Deepfake – what is real?
The digital and analog worlds are becoming increasingly blurred. With the rapid development of artificial intelligence and machine learning, the information we receive is becoming increasingly complex. Nevertheless, we are finding that what we humans find very easy – such as facial recognition – first has to be taught to artificial intelligence. This so-called deep learning is a very complex process. Put simply, the algorithm breaks down the complex structures of the object into individual hierarchically structured concepts. This is how the machine “learns” to recognize and interpret complex structures. And even – to manipulate them. This makes the transition between real and fake news fluid. For example, today we encounter image manipulation in the form of deepfake. This term is borrowed from Deep Learning denotes a deep identity fraud: with the help of state-of-the-art AI-supported software, it is possible to fake images, soundtracks, and even entire videos. Deceptively real.
Media manipulation through deepfake
At first, using AI-based systems to create new identities and stories sounds quite exciting and entertaining. A bit like Sims back then, only much more real and with better graphics. On the Internet, you can find some sites where you can create freely invented faces. Why not give them a story as well? At the same time, the boundaries between reality and lies are blurred here.
At the same time, this form of artificial intelligence shows us how easily our media can be manipulated. And how difficult it is for us to distinguish manipulated recordings from real ones. This has an impact on how we deal with media. Because if we can’t be sure that the image we’re shown is real, what are we supposed to believe? Which part of the information offered is genuine, which possibly cleverly faked?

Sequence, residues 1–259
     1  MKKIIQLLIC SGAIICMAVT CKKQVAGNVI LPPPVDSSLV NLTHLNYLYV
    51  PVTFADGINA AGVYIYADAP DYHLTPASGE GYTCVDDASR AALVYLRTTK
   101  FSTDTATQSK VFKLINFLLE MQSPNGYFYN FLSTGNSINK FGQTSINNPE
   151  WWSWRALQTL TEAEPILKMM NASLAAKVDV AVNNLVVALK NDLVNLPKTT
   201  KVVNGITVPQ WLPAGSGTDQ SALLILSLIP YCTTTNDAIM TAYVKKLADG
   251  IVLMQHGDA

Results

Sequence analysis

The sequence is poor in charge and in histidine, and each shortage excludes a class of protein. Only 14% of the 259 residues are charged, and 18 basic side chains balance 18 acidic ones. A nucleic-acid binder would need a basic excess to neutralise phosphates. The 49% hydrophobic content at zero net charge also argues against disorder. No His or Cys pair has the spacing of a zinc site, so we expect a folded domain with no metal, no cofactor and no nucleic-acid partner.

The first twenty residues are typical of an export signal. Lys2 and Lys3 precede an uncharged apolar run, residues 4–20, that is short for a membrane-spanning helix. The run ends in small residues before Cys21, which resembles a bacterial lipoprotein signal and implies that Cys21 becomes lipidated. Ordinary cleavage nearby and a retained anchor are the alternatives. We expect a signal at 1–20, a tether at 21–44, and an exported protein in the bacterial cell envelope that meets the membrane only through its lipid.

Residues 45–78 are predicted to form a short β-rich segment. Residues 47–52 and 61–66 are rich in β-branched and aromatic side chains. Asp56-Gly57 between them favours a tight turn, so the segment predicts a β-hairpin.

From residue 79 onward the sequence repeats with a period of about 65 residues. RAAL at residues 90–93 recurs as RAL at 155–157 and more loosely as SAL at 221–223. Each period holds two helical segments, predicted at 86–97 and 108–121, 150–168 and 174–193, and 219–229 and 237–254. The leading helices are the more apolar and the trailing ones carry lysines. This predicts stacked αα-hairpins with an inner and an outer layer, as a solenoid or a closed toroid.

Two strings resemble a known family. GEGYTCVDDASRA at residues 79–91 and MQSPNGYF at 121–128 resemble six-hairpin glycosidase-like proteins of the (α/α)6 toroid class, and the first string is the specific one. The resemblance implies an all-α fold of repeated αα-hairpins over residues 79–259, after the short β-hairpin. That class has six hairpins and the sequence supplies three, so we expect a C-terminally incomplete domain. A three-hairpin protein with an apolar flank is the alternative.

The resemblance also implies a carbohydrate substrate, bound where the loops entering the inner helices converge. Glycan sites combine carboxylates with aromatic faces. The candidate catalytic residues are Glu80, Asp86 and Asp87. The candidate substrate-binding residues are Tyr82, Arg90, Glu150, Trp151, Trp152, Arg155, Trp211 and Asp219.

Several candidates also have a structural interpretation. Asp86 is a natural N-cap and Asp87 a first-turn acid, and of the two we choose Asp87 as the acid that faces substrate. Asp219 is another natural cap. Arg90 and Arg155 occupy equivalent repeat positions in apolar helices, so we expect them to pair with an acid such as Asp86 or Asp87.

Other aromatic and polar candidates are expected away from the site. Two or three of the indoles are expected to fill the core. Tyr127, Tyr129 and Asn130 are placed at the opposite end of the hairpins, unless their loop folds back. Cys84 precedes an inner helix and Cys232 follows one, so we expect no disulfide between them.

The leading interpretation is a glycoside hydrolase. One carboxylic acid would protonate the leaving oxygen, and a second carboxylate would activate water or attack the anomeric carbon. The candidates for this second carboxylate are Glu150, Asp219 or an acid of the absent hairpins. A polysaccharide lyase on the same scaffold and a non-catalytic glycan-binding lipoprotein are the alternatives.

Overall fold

Depending on how we evaluate a piece of information, this can influence our decisions. This starts with credibility in our private lives, but can ultimately change our political landscape as well.
Especially in the area of cyberstalking against private individuals and celebrities, deepfake has already made inroads. Through clever video manipulation, an alternative story can be attributed to anyone, a private person or a public figure. In the form of Revenge Porn, fake content is found that imputes an apparent past to people – even if in reality a video has been manipulated or even reinvented using Deepfake. In the end, this not only damages reputations, but also the mental health of those affected.
Social Engineering 2.0
Deepfake is also finding new dangerous methods in the area of white-collar crime. Social engineering attacks that have a personal connection to the victim are already particularly successful. Time pressure, pressure to perform, or hierarchical constraints often lead to the successful disclosure of identification features or internal information. But how much more successful is a CEO fraud in which voice swapping (=imitation of voices using deepfake) is used? In other words, when the supposed CEO on the phone actually sounds like the CEO or even appears in a video conference. It is then no longer possible for people to distinguish between a fake and a real telephone call.
The end of biometric credentials?
Ultimately, the development that any image, video, or voice recording can be manipulated also has an impact on the possibilities of logging in with biometric data. After all, how secure are biometric logins via FaceID if really anyone can forge an image? The answer is nevertheless reassuring: Compared to passwords or other character-based login methods, biometric authentication is comparatively secure. However, there is still a residual risk, which is why you should never rely on just one authentication method. Only the interaction of at least two authentication methods makes a login secure – both privately and professionally.
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